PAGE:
In the course of the year, Ngas people have two major festivals. There is the Moslum usually observed around March/April. During this festival, a local brew is prepared and is used in a ritual during which the people request the blessings of the gods for a good harvest. Moslum is celebrated in Lur which is a part of Kabwir district, Ampang, Munok, Mwel, Dungung, Kaler and surrounding neighbourhoods. Mustar, the second festival is performed around September to give thanks for a splendid farming season. It is celebrated in the villages of Dawaki, Gyangyan, Tablong, Seri, Shuwer, Gunji and environs. The people of Garam do have another festival that is peculiar to them.
Ngas people don’t practice inheritance as it is done in most African tribes. When a man dies, his land is not shared among his children. Whoever wishes to build a house, for instance, takes a portion of the land and builds his house on it. It is the same with regard to farming. Each son of a deceased man takes one of his father’s farms and uses it to grow his food. Since shifting cultivation is common in Ngas culture, he shifts to another piece of land when he so desires. Livestock belonging to a death man are also never shared but are taken and used to address the needs of any member of the family. This stands in contrast to the common practice of sharing them among his children as practiced in other cultures.
Offences are settled at the family level. Where this is not possible, it is taken to the palace of the king where the king passes his last judgment after hearing from the plaintiff, the defendant and their witnesses. Domestic animals are given as fines. Where the offence is involves murder, the offender is given away to the family of the deceased. He does all the work the deceased person would have done for his family and is thus compensation to that family for their lost one.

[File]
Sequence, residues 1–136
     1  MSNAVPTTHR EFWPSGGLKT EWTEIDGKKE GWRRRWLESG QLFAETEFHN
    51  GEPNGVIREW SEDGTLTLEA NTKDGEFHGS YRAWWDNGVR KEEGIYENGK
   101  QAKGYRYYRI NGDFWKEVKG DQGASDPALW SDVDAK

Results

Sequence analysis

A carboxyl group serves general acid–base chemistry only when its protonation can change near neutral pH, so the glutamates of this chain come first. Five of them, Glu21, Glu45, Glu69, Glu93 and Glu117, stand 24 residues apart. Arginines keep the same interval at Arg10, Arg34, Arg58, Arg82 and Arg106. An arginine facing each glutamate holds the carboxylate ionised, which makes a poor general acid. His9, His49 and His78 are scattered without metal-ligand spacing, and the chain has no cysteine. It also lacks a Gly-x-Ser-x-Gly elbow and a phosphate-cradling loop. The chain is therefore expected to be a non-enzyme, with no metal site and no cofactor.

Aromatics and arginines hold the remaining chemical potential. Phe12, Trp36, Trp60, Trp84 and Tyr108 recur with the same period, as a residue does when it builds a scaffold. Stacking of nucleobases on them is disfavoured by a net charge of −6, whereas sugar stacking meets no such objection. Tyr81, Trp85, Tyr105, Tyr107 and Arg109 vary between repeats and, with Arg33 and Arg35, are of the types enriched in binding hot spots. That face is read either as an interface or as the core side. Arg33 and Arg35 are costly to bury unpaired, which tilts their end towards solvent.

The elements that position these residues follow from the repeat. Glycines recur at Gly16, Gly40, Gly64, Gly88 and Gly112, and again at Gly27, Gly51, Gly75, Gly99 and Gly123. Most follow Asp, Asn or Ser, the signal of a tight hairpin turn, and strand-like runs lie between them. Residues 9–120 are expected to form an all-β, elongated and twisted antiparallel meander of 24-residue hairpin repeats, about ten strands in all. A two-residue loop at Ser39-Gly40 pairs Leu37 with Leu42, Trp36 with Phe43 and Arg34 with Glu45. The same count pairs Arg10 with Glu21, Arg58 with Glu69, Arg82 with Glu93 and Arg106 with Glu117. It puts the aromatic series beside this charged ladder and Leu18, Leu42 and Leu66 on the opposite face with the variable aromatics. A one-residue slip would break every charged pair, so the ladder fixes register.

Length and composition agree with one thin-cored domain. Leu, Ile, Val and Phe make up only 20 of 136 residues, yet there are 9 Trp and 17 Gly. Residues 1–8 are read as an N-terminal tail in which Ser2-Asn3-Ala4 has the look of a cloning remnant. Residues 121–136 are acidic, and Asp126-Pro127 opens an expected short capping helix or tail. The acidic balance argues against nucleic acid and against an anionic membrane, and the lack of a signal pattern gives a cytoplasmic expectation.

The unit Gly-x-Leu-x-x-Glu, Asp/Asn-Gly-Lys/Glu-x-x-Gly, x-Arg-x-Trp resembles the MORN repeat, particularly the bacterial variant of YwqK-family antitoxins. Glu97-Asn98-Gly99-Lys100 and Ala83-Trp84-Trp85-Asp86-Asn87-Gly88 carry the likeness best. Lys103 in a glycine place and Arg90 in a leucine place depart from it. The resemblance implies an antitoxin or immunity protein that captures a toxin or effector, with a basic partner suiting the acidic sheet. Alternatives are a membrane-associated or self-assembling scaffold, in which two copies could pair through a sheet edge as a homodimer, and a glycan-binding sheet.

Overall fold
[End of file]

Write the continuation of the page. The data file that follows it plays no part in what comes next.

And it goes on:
During their lifetimes, Ngas men often belong to different age groups. When a man dies, his spirit has to, in turn, be released by the different groups to which he belonged before his family can bury him. This ritual is a most as it is believed that anything contrary will set off series of heartbreaking events within his family. The dead in Ngasland are usually buried in vertical graves by placing them in sitting positions such that they rest their heads on their palms. A stone is placed on the entrance of the grave and covered with the excavated material. A small sign is placed on top, indicating that this is a grave. It is common for a relation to be buried in an old grave rather than have a fresh one dug. When one dies, the oldest grave is identified and the bones assembled and put aside to make way for the new corpse. There is however a single grave for kings within the same family in Ngasland. A king can be buried in a grave today and his successor buried in the same grave tomorrow if it becomes necessary.